Power To The Communities?
Debate about creating more municipal electric utilities is not new, but is intense
By Brandon Butler
Worcester Business Journal Staff Writer
Electricity is a touchy subject in Fitchburg.
Perhaps it goes back to a 2008 ice storm that knocked power out to some residents for two weeks or more.
Or perhaps it’s just because power is expensive in Massachusetts and New England.
Whatever the reason, city officials see an alternative to the status quo of being served by New Hampshire utility company Unitil Corp. Officials want to create a city-run municipal energy utility, or muni.
There are already 41 munis in Massachusetts out of the state’s 351 cities and towns, but they serve only about 15 percent of Bay State residents.
Everyone else gets electricity from four private utilities, including NStar, National Grid and Unitil.
No new munis have been created in decades. But officials in a handful of communities are attempting to change that by passing legislation that has been pending on Beacon Hill for more than a decade that could give new munis an easier path to creation. However, recent reports by the state raise questions about whether it’s worth it.
The basic argument by proponents of munis is that they offer cheaper electricity and better service for residents.
The Massachusetts Alliance for Municipal Electric Choice notes that this year, in most cases, private utilities have levied double-digit percent rate increases to the average electric customer, compared with munis. For an average electric customer using 500 kilowatt hours per month, munis charged, on average, $70. NStar, at $86 a month, was 23 percent higher while National Grid’s $73 is 4 percent higher.
A study commissioned by the state’s Department of Energy Resources (DOER) found similar results, noting that the cost per kilowatt hour charged by a muni is about 2 percent lower than that of a private utility, at 13.34 cents per hour compared to 16.9 cents per hour for a private utility company.
Proponents argue that munis offer lower costs, have more flexible supply options, better reliability and services and are more attuned to what their communities want.
But, the question is: Would that be true if a new muni were created today?
The DOER study, conducted last year, takes an independent view regarding the debate about creating new munis. It raises significant questions about whether munis are actually a better option for communities in the future.
The current munis have been around for decades – in fact, there has not been a new muni created since 1926 (except for one at the former Fort Devens, which is separate because the community is not technically a municipality; rather it’s run by a state organization). If a new muni were to be created today, it would likely have debt obligations that would need to be paid off – something current munis don’t have to face. Plus, new power purchase agreements would have to be made to buy the power they would deliver. Both factors could erode the potential cost savings for ratepayers.
Proponents say even if there isn’t a cost savings, the service would be better.
“If we could provide better service for the same cost, that’s still better than the current arrangement,” said Fitchburg Mayor Lisa Wong. And communities don’t even know if it would be worth it to create a muni. It would cost hundreds of thousands of dollars, perhaps up to even a half-million dollars, Wong said, to study the issue to determine if it makes fiscal sense for a community like Fitchburg.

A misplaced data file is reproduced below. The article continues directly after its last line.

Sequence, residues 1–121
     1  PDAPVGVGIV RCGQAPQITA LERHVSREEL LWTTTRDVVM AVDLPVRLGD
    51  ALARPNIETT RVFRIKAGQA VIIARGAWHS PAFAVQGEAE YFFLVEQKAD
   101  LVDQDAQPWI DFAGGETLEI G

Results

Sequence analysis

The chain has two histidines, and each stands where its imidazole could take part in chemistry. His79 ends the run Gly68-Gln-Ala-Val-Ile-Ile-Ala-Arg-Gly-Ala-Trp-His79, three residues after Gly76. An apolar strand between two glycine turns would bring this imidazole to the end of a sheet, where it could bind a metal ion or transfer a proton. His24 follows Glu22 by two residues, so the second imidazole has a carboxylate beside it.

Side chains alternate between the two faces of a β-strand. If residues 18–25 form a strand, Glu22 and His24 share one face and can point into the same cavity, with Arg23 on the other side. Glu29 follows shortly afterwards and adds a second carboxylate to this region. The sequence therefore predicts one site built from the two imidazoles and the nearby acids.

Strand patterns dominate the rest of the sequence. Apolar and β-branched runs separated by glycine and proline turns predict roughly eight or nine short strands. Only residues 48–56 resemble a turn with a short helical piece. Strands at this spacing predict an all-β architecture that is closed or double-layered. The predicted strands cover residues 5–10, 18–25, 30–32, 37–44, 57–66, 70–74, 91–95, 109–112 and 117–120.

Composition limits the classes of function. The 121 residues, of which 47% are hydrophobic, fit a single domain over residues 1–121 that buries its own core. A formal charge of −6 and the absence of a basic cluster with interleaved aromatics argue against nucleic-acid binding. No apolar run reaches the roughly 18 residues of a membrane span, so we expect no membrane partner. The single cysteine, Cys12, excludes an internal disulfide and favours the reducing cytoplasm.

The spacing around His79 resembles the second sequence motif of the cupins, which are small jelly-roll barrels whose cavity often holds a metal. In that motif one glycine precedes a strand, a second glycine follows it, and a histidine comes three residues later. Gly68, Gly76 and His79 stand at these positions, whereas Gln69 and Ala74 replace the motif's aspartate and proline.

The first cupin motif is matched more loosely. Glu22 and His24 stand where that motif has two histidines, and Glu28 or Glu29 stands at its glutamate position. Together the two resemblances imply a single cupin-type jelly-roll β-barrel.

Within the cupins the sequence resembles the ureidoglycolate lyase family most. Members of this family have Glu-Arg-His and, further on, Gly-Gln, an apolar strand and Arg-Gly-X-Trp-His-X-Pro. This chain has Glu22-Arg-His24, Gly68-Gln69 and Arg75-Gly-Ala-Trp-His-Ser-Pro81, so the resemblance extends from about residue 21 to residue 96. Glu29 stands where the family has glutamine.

Companies Can Resist
That’s not an investment local officials are willing to make because proponents say utility companies don’t have to sell their power grid assets to the community, effectively blocking the deal, or what proponents label as veto power.
A community and the utility have to agree on the price the community would pay to buy the transmission lines, transfer stations and all the other equipment needed to run a muni. Since it’s not feasible for communities to install new equipment, they would have to buy it from the utility companies, which are under no obligation to sell it to the community.
Utility companies don’t call it veto power; they call it a business transaction. Alec O’Mera, a spokesperson for Unitil, which serves Fitchburg and three other neighboring towns in North Central Massachusetts, said the company is open to communities exploring the idea of creating munis. But he said it’s important that each community do its own research on whether it makes sense.
One of the biggest arguments for munis is that they’re cheaper. But there are exceptions. For instance, electricity in Princeton through its municipal light department is not cheaper than that of private utilities, said its director, John Fitch. The light department has long-term power purchase agreements that keep the cost of electricity steady. That’s good for consumers, but it also means that when the price drops, Princeton residents don’t see that benefit. If energy prices rise in the future, Princeton residents may have the better deal.
Also, while munis pride themselves on customer service, utility companies say there’s no significant difference in response time after a storm to restoring power. Unitil – which came under heavy criticism for its handling of the 2008 ice storm – said that after Tropical Storm Irene hit the area last month, it took only 36 hours to restore power to about 8,000 of its Bay State customers.